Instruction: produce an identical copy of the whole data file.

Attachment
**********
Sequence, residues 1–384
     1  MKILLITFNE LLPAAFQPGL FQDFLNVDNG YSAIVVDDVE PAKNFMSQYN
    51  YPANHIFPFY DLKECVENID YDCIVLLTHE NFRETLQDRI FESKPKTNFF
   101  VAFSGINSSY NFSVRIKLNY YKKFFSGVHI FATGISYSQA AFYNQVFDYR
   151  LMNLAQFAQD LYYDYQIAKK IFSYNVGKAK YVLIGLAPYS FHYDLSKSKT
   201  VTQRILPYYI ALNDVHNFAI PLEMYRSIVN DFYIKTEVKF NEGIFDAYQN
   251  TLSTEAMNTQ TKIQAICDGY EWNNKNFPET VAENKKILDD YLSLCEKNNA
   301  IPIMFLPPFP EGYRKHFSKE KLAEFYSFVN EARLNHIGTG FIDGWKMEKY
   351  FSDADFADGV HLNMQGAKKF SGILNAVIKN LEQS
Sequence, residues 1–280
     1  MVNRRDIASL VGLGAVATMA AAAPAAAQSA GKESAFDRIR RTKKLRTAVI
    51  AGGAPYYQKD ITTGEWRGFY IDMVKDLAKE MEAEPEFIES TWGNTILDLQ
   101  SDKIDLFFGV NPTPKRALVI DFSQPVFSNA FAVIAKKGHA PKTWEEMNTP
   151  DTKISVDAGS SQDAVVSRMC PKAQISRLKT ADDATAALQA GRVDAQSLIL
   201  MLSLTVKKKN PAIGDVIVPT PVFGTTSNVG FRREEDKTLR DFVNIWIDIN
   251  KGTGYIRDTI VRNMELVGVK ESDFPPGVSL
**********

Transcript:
Sequence, residues 1–384
     1  MKILLITFNE LLPAAFQPGL FQDFLNVDNG YSAIVVDDVE PAKNFMSQYN
    51  YPANHIFPFY DLKECVENID YDCIVLLTHE NFRETLQDRI FESKPKTNFF
   101  VAFSGINSSY NFSVRIKLNY YKKFFSGVHI FATGISYSQA AFYNQVFDYR
   151  LMNLAQFAQD LYYDYQIAKK IFSYNVGKAK YVLIGLAPYS FHYDLSKSKT
   201  VTQRILPYYI ALNDVHNFAI PLEMYRSIVN DFYIKTEVKF NEGIFDAYQN
   251  TLSTEAMNTQ TKIQAICDGY EWNNKNFPET VAENKKILDD YLSLCEKNNA
   301  IPIMFLPPFP EGYRKHFSKE KLAEFYSFVN EARLNHIGTG FIDGWKMEKY
   351  FSDADFADGV HLNMQGAKKF SGILNAVIKN LEQS
Sequence, residues 1–280
     1  MVNRRDIASL VGLGAVATMA AAAPAAAQSA GKESAFDRIR RTKKLRTAVI
    51  AGGAPYYQKD ITTGEWRGFY IDMVKDLAKE MEAEPEFIES TWGNTILDLQ
   101  SDKIDLFFGV NPTPKRALVI DFSQPVFSNA FAVIAKKGHA PKTWEEMNTP
   151  DTKISVDAGS SQDAVVSRMC PKAQISRLKT ADDATAALQA GRVDAQSLIL
   201  MLSLTVKKKN PAIGDVIVPT PVFGTTSNVG FRREEDKTLR DFVNIWIDIN
   251  KGTGYIRDTI VRNMELVGVK ESDFPPGVSL